Debutants Bosnia and Herzegovina saw themselves exit the 2014 FIFA World Cup Brazil™ after two games, following a 1-0 defeat at the hands of Nigeria. Peter Odemwingie’s first-half goal was enough to put the Super Eagles within a point of the Round of 16.
With Argentina having already sewn up qualification from Group F, the race was on to try to wrap up the remaining spot. Both sides were set up to play attacking football, and when Haris Mendunjanin was booked for bringing down Ahmed Musa, Peter Odemwingie – who had impressed as a substitute against Iran – fired the free-kick inches wide.
The Bosnians were looking intent on playing attractive football in pursuit of the result they needed, with their nimble-footed midfield pairing of Miralem Pjanic and Muhamed Besic combining superbly, only for the young Ferencvaros midfielder to fire over. The African champions, for their part, looked keen on making Begovic work, as the shots from distance were raining in from early on. First John Obi Mikel saw his low, zipping shot flash just wide, before the Stoke City goalkeeper had to beat away Ogenyi Onazi’s effort.
Edin Dzeko thought he had put the Europeans ahead, but after latching on to Zvejzdan Misimovic’s slick through-ball and slotting past Vincent Enyeama, he looked up to see a flag had denied him. It was the Nigerian veteran goalkeeper himself who was next to prevent the Manchester City man opening his World Cup account, pushing his near-post shot away for a corner.
However, after the Super Eagles had spent ten minutes on the back foot they struck against the run of play. Emmanuel Emenike’s near-unstoppable momentum saw him bundle past Emir Spahic down the right flank, before he laid the ball on a plate for Odemwingie to slot past his club team-mate Begovic.
While striking on the break was proving lethal for Nigeria, it seemed just a matter of time before the World Cup debutants would find joy with feeding Dzeko. He was a constant worry for Joseph Yobo and Juwon Oshaniwa and had a great chance of the stroke of half-time, but after Pjanic’s cut back, he blazed over from 12 yards.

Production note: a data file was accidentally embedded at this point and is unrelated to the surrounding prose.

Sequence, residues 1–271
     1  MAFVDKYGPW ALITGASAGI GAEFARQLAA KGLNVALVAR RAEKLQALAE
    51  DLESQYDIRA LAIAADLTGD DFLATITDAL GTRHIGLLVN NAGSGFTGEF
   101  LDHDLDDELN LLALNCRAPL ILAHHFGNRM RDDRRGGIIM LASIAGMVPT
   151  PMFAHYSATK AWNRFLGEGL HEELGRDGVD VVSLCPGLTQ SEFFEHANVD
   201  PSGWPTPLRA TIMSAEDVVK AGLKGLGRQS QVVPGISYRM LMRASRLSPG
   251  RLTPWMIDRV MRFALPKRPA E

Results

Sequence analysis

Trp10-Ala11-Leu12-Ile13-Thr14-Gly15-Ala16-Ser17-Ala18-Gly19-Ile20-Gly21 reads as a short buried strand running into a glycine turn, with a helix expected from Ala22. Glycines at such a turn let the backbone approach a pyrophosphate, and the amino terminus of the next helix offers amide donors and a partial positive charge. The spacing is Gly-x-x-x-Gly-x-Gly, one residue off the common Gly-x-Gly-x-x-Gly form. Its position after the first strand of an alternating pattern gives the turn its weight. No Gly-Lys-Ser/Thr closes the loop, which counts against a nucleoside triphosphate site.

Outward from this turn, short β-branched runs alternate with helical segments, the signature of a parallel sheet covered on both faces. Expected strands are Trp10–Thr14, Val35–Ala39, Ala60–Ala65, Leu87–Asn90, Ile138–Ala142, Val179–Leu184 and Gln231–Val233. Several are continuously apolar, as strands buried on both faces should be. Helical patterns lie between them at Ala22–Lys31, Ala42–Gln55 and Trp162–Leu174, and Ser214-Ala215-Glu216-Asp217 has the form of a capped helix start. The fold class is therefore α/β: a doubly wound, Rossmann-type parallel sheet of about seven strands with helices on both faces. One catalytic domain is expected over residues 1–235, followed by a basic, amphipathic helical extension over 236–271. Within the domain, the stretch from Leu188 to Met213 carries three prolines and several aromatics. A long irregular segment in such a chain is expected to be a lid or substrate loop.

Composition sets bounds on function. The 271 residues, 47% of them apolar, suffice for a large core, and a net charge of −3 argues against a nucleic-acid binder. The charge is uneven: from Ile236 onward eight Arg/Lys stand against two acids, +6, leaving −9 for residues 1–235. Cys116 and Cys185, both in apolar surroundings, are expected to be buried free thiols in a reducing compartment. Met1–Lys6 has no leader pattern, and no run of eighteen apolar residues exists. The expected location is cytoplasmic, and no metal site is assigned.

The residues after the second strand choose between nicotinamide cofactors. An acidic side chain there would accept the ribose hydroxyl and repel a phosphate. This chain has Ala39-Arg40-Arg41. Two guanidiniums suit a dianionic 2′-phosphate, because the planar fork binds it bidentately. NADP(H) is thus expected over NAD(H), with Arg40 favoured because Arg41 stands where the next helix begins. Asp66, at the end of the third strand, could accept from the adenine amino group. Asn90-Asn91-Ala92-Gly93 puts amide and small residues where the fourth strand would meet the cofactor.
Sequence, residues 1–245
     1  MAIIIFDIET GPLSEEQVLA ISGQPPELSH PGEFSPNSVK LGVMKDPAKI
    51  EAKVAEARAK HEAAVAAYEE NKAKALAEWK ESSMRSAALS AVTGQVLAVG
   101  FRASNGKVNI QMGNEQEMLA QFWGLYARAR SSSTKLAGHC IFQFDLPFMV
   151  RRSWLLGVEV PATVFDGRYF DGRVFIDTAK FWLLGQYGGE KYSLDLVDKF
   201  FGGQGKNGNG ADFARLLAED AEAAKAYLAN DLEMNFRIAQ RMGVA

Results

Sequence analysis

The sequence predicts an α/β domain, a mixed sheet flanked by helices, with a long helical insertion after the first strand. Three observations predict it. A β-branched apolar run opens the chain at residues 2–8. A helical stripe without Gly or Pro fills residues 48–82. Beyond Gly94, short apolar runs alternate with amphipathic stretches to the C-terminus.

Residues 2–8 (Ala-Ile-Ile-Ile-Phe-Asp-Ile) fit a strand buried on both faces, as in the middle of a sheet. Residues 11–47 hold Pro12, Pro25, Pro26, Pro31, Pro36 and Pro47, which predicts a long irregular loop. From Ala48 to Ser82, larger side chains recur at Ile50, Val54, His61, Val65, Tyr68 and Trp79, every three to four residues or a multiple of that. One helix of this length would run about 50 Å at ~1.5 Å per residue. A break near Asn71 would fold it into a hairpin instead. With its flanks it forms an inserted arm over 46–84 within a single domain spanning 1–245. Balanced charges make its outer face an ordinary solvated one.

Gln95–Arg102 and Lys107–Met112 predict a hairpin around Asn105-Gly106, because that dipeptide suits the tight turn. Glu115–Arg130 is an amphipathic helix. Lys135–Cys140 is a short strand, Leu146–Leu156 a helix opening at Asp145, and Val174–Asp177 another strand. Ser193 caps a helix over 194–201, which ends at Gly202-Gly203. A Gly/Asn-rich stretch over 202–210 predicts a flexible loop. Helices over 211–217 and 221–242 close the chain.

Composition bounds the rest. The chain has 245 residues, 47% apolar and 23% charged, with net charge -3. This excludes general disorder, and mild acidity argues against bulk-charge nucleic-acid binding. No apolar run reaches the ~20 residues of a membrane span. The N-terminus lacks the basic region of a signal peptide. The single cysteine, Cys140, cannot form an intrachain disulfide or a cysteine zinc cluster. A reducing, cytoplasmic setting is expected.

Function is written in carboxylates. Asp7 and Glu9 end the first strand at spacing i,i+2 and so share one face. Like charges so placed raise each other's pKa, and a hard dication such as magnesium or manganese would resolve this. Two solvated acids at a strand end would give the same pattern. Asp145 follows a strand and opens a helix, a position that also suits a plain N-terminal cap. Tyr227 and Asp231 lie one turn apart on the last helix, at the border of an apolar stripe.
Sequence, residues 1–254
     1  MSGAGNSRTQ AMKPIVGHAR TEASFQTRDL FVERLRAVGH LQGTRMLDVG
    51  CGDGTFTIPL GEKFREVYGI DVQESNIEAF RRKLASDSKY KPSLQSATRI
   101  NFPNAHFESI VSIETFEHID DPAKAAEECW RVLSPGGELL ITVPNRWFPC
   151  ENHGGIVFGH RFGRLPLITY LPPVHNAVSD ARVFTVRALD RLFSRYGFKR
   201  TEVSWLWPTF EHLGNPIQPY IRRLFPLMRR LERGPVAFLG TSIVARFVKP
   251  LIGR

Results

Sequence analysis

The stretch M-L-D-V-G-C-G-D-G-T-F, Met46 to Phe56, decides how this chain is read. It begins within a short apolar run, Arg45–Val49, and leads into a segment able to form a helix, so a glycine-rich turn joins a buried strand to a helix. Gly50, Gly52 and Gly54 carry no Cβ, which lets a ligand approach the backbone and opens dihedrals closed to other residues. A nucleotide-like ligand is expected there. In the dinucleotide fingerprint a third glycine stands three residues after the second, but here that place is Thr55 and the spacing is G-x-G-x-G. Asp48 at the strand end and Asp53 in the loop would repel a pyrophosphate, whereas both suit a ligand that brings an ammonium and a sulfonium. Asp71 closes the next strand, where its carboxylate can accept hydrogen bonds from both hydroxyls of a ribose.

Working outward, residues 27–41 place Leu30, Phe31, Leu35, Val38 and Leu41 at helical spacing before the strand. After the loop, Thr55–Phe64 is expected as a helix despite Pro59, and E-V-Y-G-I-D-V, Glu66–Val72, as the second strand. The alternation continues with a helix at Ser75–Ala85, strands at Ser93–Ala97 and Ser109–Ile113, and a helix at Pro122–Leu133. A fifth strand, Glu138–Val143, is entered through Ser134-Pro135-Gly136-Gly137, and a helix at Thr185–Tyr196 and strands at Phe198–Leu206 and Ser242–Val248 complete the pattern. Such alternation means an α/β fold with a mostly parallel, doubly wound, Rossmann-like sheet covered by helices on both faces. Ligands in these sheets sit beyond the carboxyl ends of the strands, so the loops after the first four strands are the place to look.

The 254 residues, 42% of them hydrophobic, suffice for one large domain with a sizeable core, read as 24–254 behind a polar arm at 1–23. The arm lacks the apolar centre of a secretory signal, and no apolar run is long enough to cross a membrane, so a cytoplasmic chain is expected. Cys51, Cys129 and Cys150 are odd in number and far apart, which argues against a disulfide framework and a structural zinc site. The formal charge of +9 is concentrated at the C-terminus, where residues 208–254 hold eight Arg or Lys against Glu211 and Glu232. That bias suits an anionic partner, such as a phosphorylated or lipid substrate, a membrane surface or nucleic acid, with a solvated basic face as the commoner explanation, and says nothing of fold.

The pattern of play continued after the break, with the eastern Europeans’ passing creativity finding gaps in the Nigerians’ backline, but they lacked the killer pass or clinical finish to make them count, while the west Africans broke at pace and tested Begovic from range. The goalkeeper had to be on his toes to deny Emenike from much closer in though after the Fenerbahce striker pounced on a ricochet off Odemwingie, only to see Begovic stick out a long Bosnian leg to put it behind at his near post.
Safet Susic had said he wanted to save the semi-fit Sejad Salihovic for their final game if he could, but caved to the ticking clock, bringing on the Hoffenheim midfielder and goal-scorer from the opening match Vedad Ibisevic for an influx of experience. The introduction of the latter almost paid off, but he could only flick Misimovic’s corner over the bar.
With 15 minutes remaining and their shirts drenched in sweat, Zmajevi (The Dragons) were getting agitated with their World Cup future looking bleak, but a Pjanic shot from range doingtle to trouble Enyeama. Stephen Keshi’s side were still out to make the result safe, and Onazi tested Begovic again with another drilled effort from before Emenike shot just wide.
When Misimovic fluffed his lines on the edge of the box with 90 minutes on the clock it looked destined not to be their night. Edin Dzeko headed straight at Enyeama moments later, before seeing his effort from six yards turned on to the post, and that save ultimately sealed their exit from the tournament.